Saturday, July 30, 2016

The Daily Jackass: Chris Hooks

The Texas Observer's political writer/Democratic gun-for-hire has been putting extra bitters in his cocktails while on duty in Philadelphia.

"Cranks", "dead-enders", "messianic" (in a description of Jill Stein and a hilarious comparison with Bob Bavakian) is nothing more than excessive spleen-venting from the most Green-hostile of Democrats sixty days ahead of the first scheduled presidential debate.

Dude.  I know it was hot and wet in the City of Brotherly Love (scroll down to 'Phooey, Philly') but maybe you should wait until the Greens start to actually register a little in the polling before you twist your knickers that tight.

Oh.  Well.  Maybe now is a good time to shit yourself.

With the counterpoint, Dr. Mark Jones of Rice University's Baker Institute has an exceptionally respectful, direct, and thorough advance of next week's presidential nominating convention here in H-Town.  Bold emphasis is mine.

Last week, national attention was focused on Cleveland and the Republican Party’s National Convention. This week, national attention is focused on Philadelphia, where the Democratic Party’s National Convention is being held. Houstonians should not feel entirely left out, however, since Houston will host the Green Party National Convention next week (August 4-7) at the University of Houston campus.

The main order of business at the Green Party Convention will be to nominate the party’s presidential candidate, Dr. Jill Stein. In doing so, the party will symbolically launch its national campaign, which includes not only Stein’s presidential bid but hundreds of other campaigns throughout the country for offices ranging from U.S. senator to state representative to county commissioner.

At present, Stein has formally qualified to appear on the ballot in 23 states (including the District of Columbia) and is expected to qualify in between 20 and 25 additional states before filing closes in early September. In addition to retaining the support of individuals who voted for her during the 2012 presidential election, Stein and her fellow Greens hope to capture the votes of Bernie Sanders’ supporters and others who want to cast a protest vote against Hillary Clinton, signal to the Democratic Party that it needs to move to the left, or who believe that the future of the country’s progressive movement does not lie within the Democratic Party but rather via the creation of robust alternatives to what they consider to be a two-party duopoly.

Stein’s prospects for victory are nonexistent. However, an improved performance by Stein would be positive for the Green Party in two principal ways. First, it would demonstrate the existence of popular support for the Green Party and its type of progressive agenda while simultaneously improving the party’s name recognition and brand among the general public.  Second, in a host of states, a good showing by Stein could represent the difference between guaranteed access to the ballot in 2018 and (in some cases) 2020 and either spending scarce resources on costly signature gathering campaigns to obtain ballot access or not being able to run candidates for public office.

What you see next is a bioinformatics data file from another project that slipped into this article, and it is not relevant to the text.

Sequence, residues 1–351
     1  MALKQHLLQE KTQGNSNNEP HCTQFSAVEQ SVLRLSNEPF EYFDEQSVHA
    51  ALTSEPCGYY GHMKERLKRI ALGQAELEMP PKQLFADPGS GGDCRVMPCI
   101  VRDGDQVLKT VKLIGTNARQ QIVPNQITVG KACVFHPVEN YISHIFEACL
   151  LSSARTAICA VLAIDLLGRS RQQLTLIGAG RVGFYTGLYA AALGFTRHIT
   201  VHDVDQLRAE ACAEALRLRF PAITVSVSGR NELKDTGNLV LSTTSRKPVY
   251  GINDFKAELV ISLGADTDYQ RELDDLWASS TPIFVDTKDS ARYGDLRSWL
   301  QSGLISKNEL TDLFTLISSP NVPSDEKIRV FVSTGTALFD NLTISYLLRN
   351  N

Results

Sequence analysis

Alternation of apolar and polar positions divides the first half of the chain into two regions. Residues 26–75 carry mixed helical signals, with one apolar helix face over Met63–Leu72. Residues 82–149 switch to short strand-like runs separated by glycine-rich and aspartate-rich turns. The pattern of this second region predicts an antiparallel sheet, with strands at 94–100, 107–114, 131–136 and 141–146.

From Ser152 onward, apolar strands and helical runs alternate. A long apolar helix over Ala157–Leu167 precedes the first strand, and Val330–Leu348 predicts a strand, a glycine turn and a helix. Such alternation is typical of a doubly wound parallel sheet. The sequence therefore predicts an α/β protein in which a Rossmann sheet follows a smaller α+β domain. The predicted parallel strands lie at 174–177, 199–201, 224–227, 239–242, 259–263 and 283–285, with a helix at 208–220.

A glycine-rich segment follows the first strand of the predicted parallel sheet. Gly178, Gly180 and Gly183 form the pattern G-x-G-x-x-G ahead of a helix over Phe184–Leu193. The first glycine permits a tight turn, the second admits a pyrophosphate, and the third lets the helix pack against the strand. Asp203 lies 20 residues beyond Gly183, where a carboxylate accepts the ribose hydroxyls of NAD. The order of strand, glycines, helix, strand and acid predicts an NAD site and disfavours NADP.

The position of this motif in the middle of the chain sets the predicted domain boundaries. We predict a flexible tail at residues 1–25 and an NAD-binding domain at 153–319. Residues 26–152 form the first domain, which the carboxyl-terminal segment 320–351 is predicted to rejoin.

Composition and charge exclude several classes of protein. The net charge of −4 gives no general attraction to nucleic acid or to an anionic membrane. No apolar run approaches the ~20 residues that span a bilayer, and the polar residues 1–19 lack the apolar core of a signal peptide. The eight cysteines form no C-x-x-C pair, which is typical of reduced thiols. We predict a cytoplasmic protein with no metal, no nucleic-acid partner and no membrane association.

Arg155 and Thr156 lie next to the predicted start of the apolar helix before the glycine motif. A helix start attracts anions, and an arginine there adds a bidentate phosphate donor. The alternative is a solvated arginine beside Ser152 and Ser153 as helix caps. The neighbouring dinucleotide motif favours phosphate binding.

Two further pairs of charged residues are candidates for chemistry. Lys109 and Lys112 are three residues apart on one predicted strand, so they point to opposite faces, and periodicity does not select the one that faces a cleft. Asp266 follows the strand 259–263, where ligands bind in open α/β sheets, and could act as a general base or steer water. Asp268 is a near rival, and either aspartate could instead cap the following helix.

Texas is one of the states where an improved Stein performance could be invaluable to the Green Party in regard to ballot access. In recent election cycles, Texas Democrats did not run a complete statewide slate of candidates, and the Green Party was able to maintain its ballot status by surpassing the required 5 percent vote threshold in the contests lacking a Democratic candidate. In 2016, however, Texas Democrats are fielding candidates for every statewide office, and unless a statewide Green Party candidate wins at least 5 percent of the vote in one of the eight statewide races, the party would need to undertake a very difficult ballot access campaign in 2018. To qualify for ballot access in two years, the Green Party of Texas would have to obtain 47,183 valid signatures in less than three months from registered voters who did not vote in the 2018 Democratic or Republican primaries. Since many signatures end up being invalidated, the Greens would need to gather close to a 100,000 signatures to safely cross this threshold and qualify for ballot access, a Herculean task for a party with very limited resources.

This year, in addition to Stein, the Green Party is fielding six candidates for statewide office in Texas (one for railroad commissioner, three for the Supreme Court and two for the Court of Criminal Appeals), almost 20 congressional candidates and around two dozen candidates for other offices ranging from state representative to sheriff to county commissioner. If Stein or one of her fellow Greens does not win at least 5 percent of the statewide vote on Nov. 8, this year could mark the last year for some time that Texas voters are provided with so many options to “vote Green.”

That covers every single base.  Nothing to quibble with and nothing to add.

Jackass on deck: Misandry Angie (who probably isn't capable of receiving whatever I blog as anything but 'mansplaining', but I'll offer it anyway).

1 comment:

Gadfly said...

In addition, TX Dems who can only fill 1/3 of the Lege, etc. have no room to complain about downballot races.